1. More Graphical Representations of Job History and Data
With the most recent incarnation of Linkedin, the team has managed to include many more graphical representations of data, but I would like to see a lot more. The ability to graphically see how you’re connected to a particular member is great. The ability to add digital media to job history entries was not only a great addition, but also essential, especially to those in creative industries. Further, the graphic that displays your skills and subsequent endorsements has taken the recommendation feature of Linkedin to a much more baseline level. It’s a snapshot of the synthesis of one’s recommendations. Despite the above, I look at sites such as Re.vu, which is a service that allows you to create a digital/interactive resume, and see a lot of features that are lacking in Linkedin. For instance, the timeline feature of Re.vu gives a person an immediate snapshot overview of a person’s professional history. It’s an effective way of immediately giving a prospective employer or anyone a great, rough sketch of where a person has been and where they’re heading. These kind of graphics are what I would like to see in the future from Linkedin. Of course, in the meantime I’d recommend that everyone take a look at Re.vu. I have a profile there and the great thing about Re.vu is that it has import tool that makes it very easy to create a profile from your Linkedin profile. It’s the perfect professional companion to Linkedin.
2. Widgets, Such as Twitter and other Blogging Services
Prior to the most recent Linkedin update, the site offered many options for addition of third party services as well as social media integration. In the aftermath, it seems that most if not all of these optional additions have been removed and though it was my hope that by now they would be added back; they have not. I am thankful though that my WordPress automatic posting to my Linkedin profile still works. I would like to see greater customization of Linkedin profiles through the use of widgets. I think it’s a great way to keep a Linkedin profile dynamic and to demonstrate a person’s abilities. Blogging, for instance, helps a potential applicant to demonstrate that they are up to date with current events and can help to fill in gaps in employment.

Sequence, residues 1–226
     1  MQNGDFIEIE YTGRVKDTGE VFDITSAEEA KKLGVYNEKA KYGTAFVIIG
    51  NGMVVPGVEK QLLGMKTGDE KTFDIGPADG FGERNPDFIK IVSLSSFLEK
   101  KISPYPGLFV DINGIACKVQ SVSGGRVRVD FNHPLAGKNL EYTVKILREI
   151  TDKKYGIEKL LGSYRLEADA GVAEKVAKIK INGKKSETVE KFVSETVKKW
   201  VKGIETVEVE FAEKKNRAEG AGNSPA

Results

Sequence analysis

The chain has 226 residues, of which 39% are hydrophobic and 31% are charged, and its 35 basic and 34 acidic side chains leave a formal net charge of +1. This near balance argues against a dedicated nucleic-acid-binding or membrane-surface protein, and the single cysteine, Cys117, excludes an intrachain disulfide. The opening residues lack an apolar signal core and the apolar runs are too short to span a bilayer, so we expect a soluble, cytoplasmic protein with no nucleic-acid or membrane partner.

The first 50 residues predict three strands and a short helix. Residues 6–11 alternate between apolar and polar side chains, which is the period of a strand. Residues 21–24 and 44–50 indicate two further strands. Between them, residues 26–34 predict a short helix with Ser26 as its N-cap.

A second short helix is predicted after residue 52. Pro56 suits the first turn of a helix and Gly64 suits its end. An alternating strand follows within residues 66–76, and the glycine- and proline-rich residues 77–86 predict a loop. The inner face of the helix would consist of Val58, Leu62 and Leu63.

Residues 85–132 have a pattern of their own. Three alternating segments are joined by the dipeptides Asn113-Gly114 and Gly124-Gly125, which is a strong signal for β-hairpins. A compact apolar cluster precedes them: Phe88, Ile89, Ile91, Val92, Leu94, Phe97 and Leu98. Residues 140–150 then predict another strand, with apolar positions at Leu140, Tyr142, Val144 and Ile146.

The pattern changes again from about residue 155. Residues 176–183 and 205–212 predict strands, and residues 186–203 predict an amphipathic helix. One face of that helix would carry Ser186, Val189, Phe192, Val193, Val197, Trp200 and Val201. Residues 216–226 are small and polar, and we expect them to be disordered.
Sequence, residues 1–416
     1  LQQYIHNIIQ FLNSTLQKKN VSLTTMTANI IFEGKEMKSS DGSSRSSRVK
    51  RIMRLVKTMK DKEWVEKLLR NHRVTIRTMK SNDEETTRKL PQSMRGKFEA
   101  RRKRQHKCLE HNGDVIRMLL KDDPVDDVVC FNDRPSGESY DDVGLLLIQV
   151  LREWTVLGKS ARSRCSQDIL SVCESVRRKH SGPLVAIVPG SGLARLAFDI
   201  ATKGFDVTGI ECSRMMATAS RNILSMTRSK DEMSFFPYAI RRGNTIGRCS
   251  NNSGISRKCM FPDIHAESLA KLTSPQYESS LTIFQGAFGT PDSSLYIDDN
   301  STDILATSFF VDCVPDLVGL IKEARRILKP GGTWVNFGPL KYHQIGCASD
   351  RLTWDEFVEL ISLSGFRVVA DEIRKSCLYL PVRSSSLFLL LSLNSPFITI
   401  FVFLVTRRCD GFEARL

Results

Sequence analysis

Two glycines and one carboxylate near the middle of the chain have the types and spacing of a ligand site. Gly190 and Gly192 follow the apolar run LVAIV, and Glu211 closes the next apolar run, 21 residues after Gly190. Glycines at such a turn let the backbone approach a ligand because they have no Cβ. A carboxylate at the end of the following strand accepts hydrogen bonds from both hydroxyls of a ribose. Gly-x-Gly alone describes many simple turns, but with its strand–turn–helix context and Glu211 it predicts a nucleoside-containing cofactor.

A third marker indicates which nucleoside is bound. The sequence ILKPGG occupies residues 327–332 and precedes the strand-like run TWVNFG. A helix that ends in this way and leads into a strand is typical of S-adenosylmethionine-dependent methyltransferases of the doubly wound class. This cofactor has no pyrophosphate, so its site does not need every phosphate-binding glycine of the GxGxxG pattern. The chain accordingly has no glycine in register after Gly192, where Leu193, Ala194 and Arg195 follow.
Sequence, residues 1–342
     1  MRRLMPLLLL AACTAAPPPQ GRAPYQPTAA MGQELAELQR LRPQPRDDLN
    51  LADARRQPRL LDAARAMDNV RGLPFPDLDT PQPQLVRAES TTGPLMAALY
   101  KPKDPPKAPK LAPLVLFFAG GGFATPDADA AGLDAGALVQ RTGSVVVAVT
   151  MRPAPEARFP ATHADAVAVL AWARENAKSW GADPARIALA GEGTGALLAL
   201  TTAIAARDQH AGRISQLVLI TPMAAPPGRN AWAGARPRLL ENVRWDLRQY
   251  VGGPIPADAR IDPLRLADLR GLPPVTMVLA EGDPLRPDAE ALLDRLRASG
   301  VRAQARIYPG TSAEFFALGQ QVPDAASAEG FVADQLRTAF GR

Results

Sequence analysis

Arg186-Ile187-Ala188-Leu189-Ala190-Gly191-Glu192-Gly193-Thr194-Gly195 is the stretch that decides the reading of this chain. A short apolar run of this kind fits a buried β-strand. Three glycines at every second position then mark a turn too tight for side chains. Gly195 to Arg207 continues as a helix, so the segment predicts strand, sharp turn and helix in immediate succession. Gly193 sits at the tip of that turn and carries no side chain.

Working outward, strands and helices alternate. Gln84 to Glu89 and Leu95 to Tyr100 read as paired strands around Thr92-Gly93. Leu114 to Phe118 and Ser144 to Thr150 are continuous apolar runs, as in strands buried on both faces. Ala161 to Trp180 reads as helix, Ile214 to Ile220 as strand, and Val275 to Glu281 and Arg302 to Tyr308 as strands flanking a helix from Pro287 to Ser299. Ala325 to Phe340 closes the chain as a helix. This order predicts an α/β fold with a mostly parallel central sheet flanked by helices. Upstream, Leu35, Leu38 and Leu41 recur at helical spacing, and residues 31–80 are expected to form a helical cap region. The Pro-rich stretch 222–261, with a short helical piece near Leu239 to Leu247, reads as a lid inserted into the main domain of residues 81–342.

3. HTML Embed Codes
I think that Linkedin should make there HTML embed codes more prevalent to users so that they can make they’re Linkedin profiles more easily viewable on personal websites and blogs. I utilize this feature already, but it did take me a bit of Google searching in order to find my own personal code that would work. I think that Linkedin should make this more accessible to users by including it in the user settings.
4. Lower Price for Premium Features
I think that Linkedin would see a higher subscription rate for their offerings of premium accounts is they offered a tier at lower rates. I’m not attempting to say that $19.95/mo for a basic job seeker account is unreasonable, but given prolonged unemployment times, it might be best to start out at a lower rate. I for one would be much more receptive to continuing my premium subscription if the basic rate was lowered by 25%.
5. Linkedin Storage for Files
The way Linkedin functions right now, you aren’t able to store any files on Linkedin. Everything has to be linked to from somewhere else. This itself isn’t that big of a problem. Many users, such as myself, obviously circumvent this problem by storing files on a cloud solution such as Dropbox and linking to files there. There are obviously also many other options, such as, Google Drive, Sugarsync, Box.net, and Amazon Cloud storage. I think that Linkedin should include some degree of storage in order to make these already present features more accessible for less tech-savvy users.